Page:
“Bravo Charlie” I brayed, scampering back to the hall mirror, closing my eyes to the deltas of wrinkles spreading out jauntily from every corner of my characterful face, closing my ears to the over-throttled roar of his prized Bonneville echoing up and down the cul-de-sac.
Living with Charlie was like doing the foxtrot with a bag of golf clubs . . . . he was always tripping you up . . . . . Like that business in the hotel when we first arrived in India, Juliet a paler shade of white on account of the kilo she’d been swaddling round her middle since Lima (Mike! . . . I should have killed him back in november when I had the chance) and Charlie, making his bid for an Oscar no doubt, suddenly starts spouting this nonsense about Papa Doc hiding out in Quebec, complete with latin romeo and a done deal with the local separatists concerning their latest terrorist atrocity . . . . . . . Of course I hadn’t seen the black Sierra, nor anticipated the terse verbal tango that ensued with the uniformed custom’s officer who’d quietly crept up behind us . . .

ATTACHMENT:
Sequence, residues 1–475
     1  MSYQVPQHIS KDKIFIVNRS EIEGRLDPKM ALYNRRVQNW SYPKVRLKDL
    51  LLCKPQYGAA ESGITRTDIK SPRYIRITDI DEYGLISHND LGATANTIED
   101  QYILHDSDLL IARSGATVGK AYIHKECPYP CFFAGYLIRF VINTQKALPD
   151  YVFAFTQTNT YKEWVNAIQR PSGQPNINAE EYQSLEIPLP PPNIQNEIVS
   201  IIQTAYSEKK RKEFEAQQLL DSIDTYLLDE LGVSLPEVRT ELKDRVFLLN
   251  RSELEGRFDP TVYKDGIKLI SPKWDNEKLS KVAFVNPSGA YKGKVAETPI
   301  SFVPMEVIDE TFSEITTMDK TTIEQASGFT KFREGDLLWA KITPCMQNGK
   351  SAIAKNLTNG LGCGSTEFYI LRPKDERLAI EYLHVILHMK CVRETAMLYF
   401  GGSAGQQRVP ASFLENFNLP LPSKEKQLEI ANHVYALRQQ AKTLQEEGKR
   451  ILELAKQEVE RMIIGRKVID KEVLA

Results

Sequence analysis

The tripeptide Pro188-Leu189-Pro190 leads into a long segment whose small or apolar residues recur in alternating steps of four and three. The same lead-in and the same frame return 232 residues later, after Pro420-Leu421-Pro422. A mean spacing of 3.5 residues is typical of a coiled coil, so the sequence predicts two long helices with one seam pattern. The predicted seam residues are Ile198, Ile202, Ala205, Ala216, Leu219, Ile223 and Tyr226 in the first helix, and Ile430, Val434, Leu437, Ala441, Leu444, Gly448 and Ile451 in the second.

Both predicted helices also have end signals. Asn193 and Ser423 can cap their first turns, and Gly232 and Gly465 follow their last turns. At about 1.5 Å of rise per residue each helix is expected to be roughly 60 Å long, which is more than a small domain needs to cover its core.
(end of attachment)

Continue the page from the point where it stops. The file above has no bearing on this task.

“To the victor the spoils!” Charlie suddenly trumpeted, giving a quick, mock ‘one, two’ to Juliet’s bulging midriff before spinning around to extract a bonded whiskey bottle from our clinking luggage, plying the stunned official with a treble and asking him if he’d brought his x-ray machine with him . . . . The poor guy stumbled out muttering something about crazy yankees.
“Are you still on Zulu Time or what?!” I exploded
“Doorman” he grinned, “On the door, as we came in” pouring me and my traffic light complexion a double double.
Dedicated to Dave Riley